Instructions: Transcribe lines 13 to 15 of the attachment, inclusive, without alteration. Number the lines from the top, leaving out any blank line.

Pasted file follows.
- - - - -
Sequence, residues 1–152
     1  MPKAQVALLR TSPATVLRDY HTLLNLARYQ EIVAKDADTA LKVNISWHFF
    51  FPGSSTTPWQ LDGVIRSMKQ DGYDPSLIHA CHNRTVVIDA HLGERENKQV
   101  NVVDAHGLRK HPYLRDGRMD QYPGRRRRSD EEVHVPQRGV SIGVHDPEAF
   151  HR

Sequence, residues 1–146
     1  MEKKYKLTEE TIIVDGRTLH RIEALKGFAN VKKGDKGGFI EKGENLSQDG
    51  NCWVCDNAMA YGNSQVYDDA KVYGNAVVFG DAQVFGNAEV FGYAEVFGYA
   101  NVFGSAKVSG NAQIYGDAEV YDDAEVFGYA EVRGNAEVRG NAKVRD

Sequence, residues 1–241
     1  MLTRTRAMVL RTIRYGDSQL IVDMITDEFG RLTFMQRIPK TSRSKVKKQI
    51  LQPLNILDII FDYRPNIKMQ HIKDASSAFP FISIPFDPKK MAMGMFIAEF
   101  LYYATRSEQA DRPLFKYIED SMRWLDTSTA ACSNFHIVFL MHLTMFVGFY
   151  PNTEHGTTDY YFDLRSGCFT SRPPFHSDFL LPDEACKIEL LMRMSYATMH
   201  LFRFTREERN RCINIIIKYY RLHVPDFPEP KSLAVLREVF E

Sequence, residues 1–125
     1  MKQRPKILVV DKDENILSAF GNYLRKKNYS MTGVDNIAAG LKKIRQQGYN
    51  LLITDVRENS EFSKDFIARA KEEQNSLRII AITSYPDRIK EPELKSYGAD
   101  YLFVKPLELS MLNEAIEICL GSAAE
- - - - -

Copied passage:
   101  LYYATRSEQA DRPLFKYIED SMRWLDTSTA ACSNFHIVFL MHLTMFVGFY
   151  PNTEHGTTDY YFDLRSGCFT SRPPFHSDFL LPDEACKIEL LMRMSYATMH
   201  LFRFTREERN RCINIIIKYY RLHVPDFPEP KSLAVLREVF E